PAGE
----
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Is there a proof that shows that for any power of 10 the largest palindrome formed by the product of two numbers with equal number of digits occur in the last tenth of the given power of ten. Or another way to say it is do the two numbers start with 9.

First 6 examples

99*91=9009
993*913=906609
9999*9901=99000099
99979*99681=9966006699
999999*999001=999000000999
9999979*9467731=94677111177649

Also is possible to show that the palindrome has to start with a 9? This may be two separate questions but they seem closely related.

Also, if your wondering where I came up with this I was working on project 4 of the Euler project http://projecteuler.net/problem=4 and after solving the problem and then generalizing the problem to all powers of ten I was wondering how to optimize my algorithm to search for these palindromes.

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This problem is a mess. It's not at all clear what you mean by "largest power palindrome," for example - do you mean "largest palindrome?" Also, when you say two numbers have the "same length," do you mean equal numbers of digits? –  Thomas Andrews Dec 17 '12 at 13:42
    
The link you include seems to suggest that you're in fact interested in palindromes that are the products of two numbers with certain properties; but you never mention products. –  joriki Dec 17 '12 at 13:43
    
I think he wants a palindrome $p=x_1x_2$, where $x_1,x_2\in[10^{k-1},10^k)\cap\mathbb Z$ for some $k$. –  Mario Carneiro Dec 17 '12 at 13:50
    
Note that $(10^{2n}-1)(10^{2n}-10^n+1)=(10^{3n}+1)(10^n-1)$ which seems to be the identity inherent in your final comment. –  Mark Bennet Dec 17 '12 at 13:52
    
@ThomasAndrews I edited the first paragraph hopefully it is clearer. I struggled with how to word the question and I am not sure of the proper mathematical way to ask it. –  qw3n Dec 17 '12 at 14:05

1 Answer 1

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The formulation given (with smaller factors having leading digit 9) does not work for palindromes of all lengths. For example:$$3 \times 3 = 9$$ $$37 \times 27 = 999$$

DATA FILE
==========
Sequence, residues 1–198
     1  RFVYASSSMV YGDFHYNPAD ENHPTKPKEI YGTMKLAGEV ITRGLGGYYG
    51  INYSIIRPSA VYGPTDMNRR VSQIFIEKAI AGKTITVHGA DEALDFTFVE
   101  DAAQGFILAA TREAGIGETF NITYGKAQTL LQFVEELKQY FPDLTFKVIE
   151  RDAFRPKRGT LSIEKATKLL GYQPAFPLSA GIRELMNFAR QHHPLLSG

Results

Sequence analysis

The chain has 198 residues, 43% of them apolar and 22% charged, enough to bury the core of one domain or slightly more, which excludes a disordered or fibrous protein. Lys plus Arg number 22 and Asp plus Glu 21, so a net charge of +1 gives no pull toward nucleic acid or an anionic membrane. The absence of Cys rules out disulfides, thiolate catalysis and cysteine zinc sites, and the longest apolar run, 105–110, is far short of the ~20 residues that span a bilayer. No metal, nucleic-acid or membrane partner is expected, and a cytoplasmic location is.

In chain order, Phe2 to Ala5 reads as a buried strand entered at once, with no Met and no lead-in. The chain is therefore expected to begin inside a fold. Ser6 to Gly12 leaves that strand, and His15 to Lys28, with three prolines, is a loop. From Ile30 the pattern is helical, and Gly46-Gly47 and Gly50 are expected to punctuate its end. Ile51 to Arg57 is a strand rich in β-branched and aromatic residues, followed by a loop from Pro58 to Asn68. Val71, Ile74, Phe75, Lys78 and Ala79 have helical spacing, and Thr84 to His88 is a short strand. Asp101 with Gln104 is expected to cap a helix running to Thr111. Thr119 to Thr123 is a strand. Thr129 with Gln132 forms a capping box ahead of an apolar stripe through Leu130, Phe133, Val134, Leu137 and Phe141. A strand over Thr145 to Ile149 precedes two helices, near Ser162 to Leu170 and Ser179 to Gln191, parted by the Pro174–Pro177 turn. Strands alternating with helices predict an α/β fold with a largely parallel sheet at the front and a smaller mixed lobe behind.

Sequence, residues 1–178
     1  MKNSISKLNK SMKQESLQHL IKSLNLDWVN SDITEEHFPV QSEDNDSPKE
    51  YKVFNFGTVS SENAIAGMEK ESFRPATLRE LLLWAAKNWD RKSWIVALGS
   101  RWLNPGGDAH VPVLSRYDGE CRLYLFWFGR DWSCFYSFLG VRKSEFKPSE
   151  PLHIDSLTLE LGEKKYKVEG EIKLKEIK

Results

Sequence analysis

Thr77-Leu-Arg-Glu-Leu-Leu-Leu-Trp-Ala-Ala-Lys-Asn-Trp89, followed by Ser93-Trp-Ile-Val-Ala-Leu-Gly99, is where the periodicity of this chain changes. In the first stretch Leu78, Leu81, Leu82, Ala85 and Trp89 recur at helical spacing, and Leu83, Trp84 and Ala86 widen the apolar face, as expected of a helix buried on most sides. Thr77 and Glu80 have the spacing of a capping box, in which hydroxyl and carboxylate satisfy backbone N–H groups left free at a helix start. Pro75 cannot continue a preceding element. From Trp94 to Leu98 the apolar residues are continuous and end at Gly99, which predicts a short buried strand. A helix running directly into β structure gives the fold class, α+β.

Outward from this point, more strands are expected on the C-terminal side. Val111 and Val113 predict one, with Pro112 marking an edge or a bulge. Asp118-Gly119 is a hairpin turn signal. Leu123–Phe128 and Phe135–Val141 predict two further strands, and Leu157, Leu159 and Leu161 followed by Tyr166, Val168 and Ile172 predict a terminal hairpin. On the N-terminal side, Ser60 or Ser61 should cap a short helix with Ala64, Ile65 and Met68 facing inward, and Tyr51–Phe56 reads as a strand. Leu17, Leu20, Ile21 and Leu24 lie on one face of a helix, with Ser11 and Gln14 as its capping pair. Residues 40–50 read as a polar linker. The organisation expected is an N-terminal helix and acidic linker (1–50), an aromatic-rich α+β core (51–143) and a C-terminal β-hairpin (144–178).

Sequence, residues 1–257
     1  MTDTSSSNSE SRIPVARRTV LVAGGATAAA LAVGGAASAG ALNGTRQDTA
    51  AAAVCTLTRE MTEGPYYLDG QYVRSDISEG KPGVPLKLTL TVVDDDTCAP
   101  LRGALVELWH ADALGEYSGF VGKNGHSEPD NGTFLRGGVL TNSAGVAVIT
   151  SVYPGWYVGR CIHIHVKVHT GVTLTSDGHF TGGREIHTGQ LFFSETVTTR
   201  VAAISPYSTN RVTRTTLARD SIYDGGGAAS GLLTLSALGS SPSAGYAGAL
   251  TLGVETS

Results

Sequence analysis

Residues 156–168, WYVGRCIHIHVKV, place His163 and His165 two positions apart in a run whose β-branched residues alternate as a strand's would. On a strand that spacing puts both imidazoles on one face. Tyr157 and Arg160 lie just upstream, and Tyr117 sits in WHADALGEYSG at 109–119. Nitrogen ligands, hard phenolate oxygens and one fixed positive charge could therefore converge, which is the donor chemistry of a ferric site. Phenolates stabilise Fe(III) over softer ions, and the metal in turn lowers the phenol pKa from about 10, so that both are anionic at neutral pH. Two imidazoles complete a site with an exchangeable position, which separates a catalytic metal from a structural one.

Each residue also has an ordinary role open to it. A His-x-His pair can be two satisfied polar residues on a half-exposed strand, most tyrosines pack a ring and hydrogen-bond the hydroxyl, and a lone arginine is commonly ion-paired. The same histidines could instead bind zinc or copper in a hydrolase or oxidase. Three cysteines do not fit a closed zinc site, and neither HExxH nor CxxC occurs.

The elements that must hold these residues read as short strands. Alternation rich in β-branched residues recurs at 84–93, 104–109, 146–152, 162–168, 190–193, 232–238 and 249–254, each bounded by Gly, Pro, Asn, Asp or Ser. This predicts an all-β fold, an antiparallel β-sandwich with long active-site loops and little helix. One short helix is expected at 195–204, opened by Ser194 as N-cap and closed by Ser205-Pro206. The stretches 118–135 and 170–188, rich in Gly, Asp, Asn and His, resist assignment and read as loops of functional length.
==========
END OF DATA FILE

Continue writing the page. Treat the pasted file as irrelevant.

So the problem expressed in that form needs to be restricted to palindromes having an even number of digits.

And the part of the question which seems currently to be open is -

Given $n>0$ is there a palindrome having $4n+2$ digits, and leading digit (most significant digit) equal to 9, which is the product of two integers each having $2n+1$ digits?

Notes: the two smaller integers will necessarily have leading digit 9. The largest palindrome of this kind will necessarily have leading digit 9, provided we can find at least one example - though the example we find need not be the largest. For $n=0$ there is no answer, because $9 \times 9 = 81$, which is less than 90, and all two digit palindromes are divisible by 11 (which is prime).

Some construction rather different from the one illustrated will be necessary to tackle palindromes with odd numbers of digits.

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Thanks for the answer. So if you restrict the problem to even numbered palindromes how would I go about proving it. Also, I added the first 6 examples of palindromes I found. –  qw3n Dec 18 '12 at 0:32
    
@qw3n There seem to be two obvious approaches - one is to look for a formula for the $4n+2$ case like $(10^{2n}-1)(10^{2n}-10^n+1)=(10^{3n}+1)(10^n-1)$ which gives the family of solutions you found for $4n$ digit palindromes. But in this case you would need to have a reason why the formula did not work in the two digit case. Another way would be to show that there are so many palindromes that one of them must factor in the way you suggest. –  Mark Bennet Dec 18 '12 at 7:47

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